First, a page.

To many Americans, Labor Day is the last vestige of the summer, a day off from work and school, and one last chance to relax. Thousands will celebrate the three-day weekend with cookouts, picnics and potluck dinners.
But Labor Day is actually a celebration of the social and economic achievements of American workers. Peter McGuire, a New York City carpenter, is often called the "father" of Labor Day. He spent a decade fighting for worker's rights. In 1882, he proposed the idea to create a special holiday for workers. On Tuesday, September 5, 1882, more than 10,000 workers hit the streets of New York City for the first ever Labor Day parade. Two years later the celebration was moved to the first Monday in September. And in 1894, Congress passed a law making Labor Day a national holiday.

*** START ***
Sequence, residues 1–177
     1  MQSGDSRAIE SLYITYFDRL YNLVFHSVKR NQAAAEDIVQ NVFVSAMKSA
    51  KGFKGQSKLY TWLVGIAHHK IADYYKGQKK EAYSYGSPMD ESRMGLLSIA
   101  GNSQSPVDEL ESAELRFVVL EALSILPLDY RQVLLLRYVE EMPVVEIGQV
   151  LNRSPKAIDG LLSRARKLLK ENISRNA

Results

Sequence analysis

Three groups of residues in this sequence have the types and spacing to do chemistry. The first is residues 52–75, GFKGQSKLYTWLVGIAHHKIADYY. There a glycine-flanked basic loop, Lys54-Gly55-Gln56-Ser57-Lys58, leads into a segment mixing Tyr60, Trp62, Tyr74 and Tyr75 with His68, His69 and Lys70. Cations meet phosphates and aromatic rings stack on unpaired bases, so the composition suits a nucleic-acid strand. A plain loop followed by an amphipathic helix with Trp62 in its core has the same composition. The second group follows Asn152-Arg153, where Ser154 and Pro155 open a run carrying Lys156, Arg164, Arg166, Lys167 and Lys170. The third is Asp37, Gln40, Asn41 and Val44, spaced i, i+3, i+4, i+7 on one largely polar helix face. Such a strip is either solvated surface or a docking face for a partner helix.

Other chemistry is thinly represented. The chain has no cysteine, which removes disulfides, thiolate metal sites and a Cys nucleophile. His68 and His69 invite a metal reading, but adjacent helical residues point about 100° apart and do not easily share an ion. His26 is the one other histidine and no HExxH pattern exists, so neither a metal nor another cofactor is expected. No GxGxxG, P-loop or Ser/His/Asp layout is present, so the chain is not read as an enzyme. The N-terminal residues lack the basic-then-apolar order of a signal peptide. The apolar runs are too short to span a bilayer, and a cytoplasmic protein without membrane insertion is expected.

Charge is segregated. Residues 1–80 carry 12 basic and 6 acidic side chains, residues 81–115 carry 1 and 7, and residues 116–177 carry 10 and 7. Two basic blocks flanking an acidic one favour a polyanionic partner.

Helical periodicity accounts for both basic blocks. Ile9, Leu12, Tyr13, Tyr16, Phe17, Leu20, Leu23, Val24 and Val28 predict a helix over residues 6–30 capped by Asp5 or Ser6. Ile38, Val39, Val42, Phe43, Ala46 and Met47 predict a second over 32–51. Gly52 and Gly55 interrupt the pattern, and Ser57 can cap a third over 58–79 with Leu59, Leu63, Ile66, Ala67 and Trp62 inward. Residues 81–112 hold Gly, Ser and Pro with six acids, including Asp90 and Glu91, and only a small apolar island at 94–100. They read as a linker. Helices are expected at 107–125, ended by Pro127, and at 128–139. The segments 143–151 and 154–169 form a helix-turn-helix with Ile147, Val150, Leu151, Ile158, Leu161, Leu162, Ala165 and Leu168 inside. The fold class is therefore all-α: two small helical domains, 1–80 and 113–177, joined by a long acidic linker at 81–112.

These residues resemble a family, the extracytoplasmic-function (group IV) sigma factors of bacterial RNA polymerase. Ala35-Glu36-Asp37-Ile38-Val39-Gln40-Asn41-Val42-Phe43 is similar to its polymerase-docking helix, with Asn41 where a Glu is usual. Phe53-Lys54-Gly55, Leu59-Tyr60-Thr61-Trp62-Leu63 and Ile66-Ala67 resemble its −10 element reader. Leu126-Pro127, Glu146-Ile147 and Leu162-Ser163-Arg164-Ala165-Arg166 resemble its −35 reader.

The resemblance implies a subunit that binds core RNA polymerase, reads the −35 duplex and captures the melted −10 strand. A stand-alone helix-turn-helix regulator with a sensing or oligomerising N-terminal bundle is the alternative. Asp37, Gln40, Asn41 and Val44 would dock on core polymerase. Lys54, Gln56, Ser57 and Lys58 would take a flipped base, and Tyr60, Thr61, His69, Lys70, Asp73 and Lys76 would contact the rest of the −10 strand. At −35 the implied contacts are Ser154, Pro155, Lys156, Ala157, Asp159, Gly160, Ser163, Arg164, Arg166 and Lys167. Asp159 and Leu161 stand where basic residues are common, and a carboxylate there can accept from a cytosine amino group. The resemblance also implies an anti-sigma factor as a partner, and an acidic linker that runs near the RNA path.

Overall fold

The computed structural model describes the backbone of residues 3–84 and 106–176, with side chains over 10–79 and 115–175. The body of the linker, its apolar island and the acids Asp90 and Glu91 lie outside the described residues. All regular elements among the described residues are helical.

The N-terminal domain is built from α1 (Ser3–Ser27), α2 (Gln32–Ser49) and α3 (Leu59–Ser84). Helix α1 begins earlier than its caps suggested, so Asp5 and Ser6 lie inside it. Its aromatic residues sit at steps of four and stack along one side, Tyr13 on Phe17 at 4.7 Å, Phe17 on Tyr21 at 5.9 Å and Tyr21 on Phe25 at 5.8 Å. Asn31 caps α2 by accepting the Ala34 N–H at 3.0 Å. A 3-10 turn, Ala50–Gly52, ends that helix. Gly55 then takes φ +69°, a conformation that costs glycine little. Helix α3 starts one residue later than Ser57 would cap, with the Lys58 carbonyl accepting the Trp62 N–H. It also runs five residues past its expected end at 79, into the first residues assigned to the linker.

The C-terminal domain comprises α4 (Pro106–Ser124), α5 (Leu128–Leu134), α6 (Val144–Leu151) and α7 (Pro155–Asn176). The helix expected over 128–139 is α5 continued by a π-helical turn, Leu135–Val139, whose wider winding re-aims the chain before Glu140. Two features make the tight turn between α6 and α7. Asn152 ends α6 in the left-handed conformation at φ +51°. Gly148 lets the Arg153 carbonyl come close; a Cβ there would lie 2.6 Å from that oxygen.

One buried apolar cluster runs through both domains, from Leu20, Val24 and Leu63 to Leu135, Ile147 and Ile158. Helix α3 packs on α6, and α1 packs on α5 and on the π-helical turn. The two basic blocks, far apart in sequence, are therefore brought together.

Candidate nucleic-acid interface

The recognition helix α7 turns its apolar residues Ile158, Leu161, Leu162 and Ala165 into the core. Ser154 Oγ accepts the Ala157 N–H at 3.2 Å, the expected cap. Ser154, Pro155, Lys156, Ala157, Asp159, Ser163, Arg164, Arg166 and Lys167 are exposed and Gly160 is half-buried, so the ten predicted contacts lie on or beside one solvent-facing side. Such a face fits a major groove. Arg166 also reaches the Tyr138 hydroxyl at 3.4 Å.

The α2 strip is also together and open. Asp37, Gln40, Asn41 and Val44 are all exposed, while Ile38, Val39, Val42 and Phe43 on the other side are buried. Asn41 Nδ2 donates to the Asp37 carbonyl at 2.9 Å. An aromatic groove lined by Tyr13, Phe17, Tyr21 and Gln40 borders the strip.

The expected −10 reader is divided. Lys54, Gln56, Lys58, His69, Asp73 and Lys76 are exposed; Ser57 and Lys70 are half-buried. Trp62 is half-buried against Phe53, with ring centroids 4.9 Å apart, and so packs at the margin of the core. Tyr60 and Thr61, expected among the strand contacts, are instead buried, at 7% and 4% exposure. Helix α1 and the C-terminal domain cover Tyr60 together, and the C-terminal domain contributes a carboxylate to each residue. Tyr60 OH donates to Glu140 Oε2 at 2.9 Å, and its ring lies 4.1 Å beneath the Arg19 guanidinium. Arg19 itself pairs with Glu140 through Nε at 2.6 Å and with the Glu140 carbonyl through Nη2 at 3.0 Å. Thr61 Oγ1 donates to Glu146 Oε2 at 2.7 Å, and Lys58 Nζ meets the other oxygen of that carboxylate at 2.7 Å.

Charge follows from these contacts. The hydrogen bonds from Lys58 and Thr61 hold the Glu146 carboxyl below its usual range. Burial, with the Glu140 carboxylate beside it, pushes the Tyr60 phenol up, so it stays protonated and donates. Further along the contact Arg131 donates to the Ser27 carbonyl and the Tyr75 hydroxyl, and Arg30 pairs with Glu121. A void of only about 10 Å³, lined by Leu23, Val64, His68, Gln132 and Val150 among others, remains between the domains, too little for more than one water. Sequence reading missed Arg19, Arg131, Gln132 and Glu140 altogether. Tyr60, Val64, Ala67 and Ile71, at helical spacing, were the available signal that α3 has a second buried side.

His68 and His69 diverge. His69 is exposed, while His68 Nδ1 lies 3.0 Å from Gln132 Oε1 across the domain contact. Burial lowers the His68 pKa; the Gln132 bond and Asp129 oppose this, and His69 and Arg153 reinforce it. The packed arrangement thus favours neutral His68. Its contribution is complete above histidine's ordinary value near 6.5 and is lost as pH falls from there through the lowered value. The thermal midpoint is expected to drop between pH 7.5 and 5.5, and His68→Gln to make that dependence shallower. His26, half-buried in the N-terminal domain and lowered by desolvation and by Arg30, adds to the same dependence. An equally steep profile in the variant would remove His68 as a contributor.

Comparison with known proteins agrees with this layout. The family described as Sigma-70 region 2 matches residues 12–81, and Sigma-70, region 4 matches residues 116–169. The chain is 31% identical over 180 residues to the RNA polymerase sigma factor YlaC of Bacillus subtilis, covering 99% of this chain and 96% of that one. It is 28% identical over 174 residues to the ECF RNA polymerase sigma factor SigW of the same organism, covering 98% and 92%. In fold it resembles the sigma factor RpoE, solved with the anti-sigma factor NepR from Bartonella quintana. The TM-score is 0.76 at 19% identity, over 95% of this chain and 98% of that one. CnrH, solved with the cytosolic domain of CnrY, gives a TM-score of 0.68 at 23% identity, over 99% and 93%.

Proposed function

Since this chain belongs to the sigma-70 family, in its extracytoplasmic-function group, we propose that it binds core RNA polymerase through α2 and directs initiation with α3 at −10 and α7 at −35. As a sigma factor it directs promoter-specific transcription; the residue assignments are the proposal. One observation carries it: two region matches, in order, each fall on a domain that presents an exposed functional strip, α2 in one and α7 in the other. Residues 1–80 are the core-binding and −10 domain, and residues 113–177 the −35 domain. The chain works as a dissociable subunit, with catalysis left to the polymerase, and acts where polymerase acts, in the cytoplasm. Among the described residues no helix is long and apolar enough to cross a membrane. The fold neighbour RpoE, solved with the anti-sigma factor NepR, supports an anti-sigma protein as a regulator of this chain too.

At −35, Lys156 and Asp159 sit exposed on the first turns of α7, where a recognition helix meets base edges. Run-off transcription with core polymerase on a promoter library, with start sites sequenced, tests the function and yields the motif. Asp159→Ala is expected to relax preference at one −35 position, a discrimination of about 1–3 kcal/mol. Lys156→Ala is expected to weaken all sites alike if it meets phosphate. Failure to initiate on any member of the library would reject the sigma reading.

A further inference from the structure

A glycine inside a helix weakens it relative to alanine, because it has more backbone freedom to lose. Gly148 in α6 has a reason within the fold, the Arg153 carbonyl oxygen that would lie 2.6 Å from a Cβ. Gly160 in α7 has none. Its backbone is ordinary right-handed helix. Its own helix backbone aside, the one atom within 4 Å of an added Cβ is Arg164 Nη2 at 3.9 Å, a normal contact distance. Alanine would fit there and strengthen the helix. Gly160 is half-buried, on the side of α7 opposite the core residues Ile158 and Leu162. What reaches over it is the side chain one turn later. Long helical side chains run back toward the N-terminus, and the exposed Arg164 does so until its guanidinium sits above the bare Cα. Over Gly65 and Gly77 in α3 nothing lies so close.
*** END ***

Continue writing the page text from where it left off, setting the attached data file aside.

This was the favorite dish at our Labor Day cookout. It may sound a bit plain, but it is a tangy complement to barbecued ribs or chicken. The added bonus is how easy it is to make! This is my sister's absolute favorite salad and is our go-to recipe for all family cookouts.
1 pound orzo pasta, cooked and rinsed
1 cup mayonnaise (Duke’s preferred)
1 lemon, juiced
1 Tablespoon champagne vinegar (or rice wine vinegar)
½ cup capers
½ cup marinated artichoke hearts, chopped (optional)
1 teaspoon white pepper, ground
Salt to taste
Cook orzo pasta following the instructions on the package, rinse in cool water and drain. Place pasta in a large bowl with mayonnaise, lemon juice, rice wine vinegar and pepper, and then fold together without breaking up the pasta. Add the capers and stir until evenly distributed. Add salt to taste. Add additional amounts of ingredients to taste.
Note: You can other ingredients such as green onions, shallot, celery, or even shrimp. Black olives such as Calamata will discolor the pasta.